Wednesday, 25 July 2018

75. Adulting 101

Welcome :)

Time waits for no one, especially parents, it seems. My little babycake is not so little anymore. There’s another adult in the house and I can’t believe my girl is now a young woman of eighteen. It happened so fast. Too fast, in fact.

I never believed in the ‘blink and you’ll miss it’ adage when it came to children growing up, but that’s exactly what it feels like. I swear she was just a babe in arms last week, a toddler on Tuesday, high school by Thursday, and then BAM! All grown up. It’s surreal. And to think I’ll be addressing this moment again in a few ‘short’ years. For now, I’ll have to accept she’s a big girl capable of making her own decisions and living with the rewards and consequences of those choices. I’m still not ready.

Now, I’m not a poet by any means, but I wrote my daughter a little something for her special day, which made her cry. (heh heh). I mean, it was a very emotional moment for us all. I’m sharing this moment with the acknowledgment it’s saying more about me and my fragility than hers.

Eighteen years have come and gone,
But make no mistake,
You will for now and always be,
My little Babycake.

I loved you the second I felt you move,
You danced right under my heart,
So maybe you dislocated a rib or two,
But you were mine right from the start.

I couldn’t take my eyes off you,
I barely slept a wink,
You were walking and talking before I knew it,
And I swear I didn’t blink.

You were the apple of Father’s eye,
And you copied his famous ‘beer face,’
While Grandma listened as you sang,
And said, ‘This girl’s going someplace.’

Nana dressed you all in pink,
She loved you just to bits,
Ganda taught you all about the sun,
And how it shone out where you sits...
(Where does the sun shine?)

You were such a happy, smiling child,
And you really had a flair,
For putting pots upon your head,
And messing up your hair.
(Just like your Dad.)

Going to kindy was so traumatic,
And of course, I mean for me,
But you couldn’t wait to tell me about your day,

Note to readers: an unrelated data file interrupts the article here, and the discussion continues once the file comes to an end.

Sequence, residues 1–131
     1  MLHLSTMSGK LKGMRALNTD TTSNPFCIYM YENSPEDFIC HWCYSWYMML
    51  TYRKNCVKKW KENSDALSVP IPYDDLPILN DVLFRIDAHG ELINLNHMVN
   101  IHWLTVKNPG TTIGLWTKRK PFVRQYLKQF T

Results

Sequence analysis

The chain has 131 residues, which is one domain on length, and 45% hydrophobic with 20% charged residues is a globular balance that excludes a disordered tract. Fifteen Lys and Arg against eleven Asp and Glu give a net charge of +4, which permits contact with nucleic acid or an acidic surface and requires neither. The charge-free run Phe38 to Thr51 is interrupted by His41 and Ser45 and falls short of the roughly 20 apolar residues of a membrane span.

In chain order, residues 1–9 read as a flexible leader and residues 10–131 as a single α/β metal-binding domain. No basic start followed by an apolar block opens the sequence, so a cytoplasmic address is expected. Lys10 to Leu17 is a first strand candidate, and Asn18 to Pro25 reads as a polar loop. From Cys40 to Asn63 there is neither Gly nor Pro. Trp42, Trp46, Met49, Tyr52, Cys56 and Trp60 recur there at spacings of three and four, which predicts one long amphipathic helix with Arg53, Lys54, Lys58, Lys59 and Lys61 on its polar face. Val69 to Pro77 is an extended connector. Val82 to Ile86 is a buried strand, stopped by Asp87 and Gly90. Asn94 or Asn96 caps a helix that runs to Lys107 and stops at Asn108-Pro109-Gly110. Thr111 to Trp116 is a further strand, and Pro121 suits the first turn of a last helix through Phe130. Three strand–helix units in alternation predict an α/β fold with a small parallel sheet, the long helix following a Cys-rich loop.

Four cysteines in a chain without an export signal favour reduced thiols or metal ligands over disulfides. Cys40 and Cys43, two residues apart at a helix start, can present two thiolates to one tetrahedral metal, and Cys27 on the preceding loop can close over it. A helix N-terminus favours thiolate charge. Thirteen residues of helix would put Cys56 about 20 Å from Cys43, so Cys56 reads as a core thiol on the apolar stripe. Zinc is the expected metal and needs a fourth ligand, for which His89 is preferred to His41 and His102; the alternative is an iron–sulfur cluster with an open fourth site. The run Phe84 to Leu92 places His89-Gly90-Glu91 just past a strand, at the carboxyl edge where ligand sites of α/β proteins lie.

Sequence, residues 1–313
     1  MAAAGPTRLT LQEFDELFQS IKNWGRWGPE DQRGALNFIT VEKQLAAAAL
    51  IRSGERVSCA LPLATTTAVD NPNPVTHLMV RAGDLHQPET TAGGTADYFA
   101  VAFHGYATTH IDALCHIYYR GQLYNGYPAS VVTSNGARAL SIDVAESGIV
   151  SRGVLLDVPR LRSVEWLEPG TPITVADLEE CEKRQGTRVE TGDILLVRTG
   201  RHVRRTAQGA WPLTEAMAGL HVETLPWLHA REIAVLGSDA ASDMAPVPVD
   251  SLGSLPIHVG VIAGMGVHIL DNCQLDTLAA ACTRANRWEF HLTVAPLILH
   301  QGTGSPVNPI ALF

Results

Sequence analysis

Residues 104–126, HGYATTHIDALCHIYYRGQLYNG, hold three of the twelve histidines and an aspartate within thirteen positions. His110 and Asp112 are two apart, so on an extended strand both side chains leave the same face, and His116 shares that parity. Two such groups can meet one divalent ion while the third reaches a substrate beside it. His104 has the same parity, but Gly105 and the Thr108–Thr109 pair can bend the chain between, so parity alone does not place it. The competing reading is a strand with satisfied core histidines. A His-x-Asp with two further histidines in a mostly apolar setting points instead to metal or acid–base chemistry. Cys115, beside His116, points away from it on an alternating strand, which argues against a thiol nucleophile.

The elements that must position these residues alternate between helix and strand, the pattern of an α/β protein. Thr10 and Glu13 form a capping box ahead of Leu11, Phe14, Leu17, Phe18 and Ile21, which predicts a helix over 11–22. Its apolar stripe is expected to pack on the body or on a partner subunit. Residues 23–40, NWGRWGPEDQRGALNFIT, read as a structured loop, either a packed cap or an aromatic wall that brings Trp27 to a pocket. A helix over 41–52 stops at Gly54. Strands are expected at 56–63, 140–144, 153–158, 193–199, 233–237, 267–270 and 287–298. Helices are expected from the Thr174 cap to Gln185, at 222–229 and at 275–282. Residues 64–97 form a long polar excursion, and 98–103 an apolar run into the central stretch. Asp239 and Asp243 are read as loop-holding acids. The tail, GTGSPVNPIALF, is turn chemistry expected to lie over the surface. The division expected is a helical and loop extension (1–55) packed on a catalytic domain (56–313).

And your boyfriends, one, two, and three.

Along came school and they confirmed,
Exactly what we knew,
You had a voice that had to sing,
So, it was into the choir for you.

It made me so proud to see you,
Up there on that stage,
And we loved the week of Eisteddfod,
When you starred daily on the newspaper page.

You’ve grown into such a lovely soul,
And it really makes me smile,
To know you’re at the beginning,
Of adventures all in style.

I love while we look nothing alike,
Inside you’re just like me.
From random songs to movie quotes,
We’re twinsies ‘internally.’

I don’t like this letting go,
Although I know I must,
Because I still see the little girl,
That I love so very much.

Eighteen years have come and gone,
But make no mistake,
You will for now and always be,
My little Babycake.

And yes, she really did dislocate a rib while I was pregnant with her. It still pops out if I ‘move wrong.’

We had a special weekend guest for the RWA Aspiring group this month – Ms Kate Cuthbert, Editor of Escape Publishing, Harlequin’s Digital Imprint.  She was awesome! Ms Cuthbert had a fabulous answer for every question the group had and we gained valuable insight into the world of publishing and editing. Ms Cuthbert will be at the RWA conference in August, and hopefully I’ll meet her in person in September where she’s a guest presenter and taking pitches at the Rockingham Writers Conference. :)

Book Reviews

Burning Fields by Alli Sinclair

Romeo and Juliet set in Queensland's sugar cane fields in 1948, as the daughter of an Anglo-Australian family falls for an Italian immigrant against the wishes of her family.

1948. The world is struggling to regain a sense of balance after the devastation of World War II, and the sugar cane–growing community of Piri River in northern Queensland is no exception.

As returned servicemen endeavour to adjust to their pre–war lives, women who had worked for the war effort are expected to embrace traditional roles once more.
Rosie Stanton finds it difficult to return to the family farm after years working for the Australian Women's Army Service. Reminders are everywhere of the brothers she lost in the war and she is unable to understand her father's contempt for Italians, especially the Conti family next door. When her father takes ill, Rosie challenges tradition by managing the farm, but outside influences are determined to see her fail.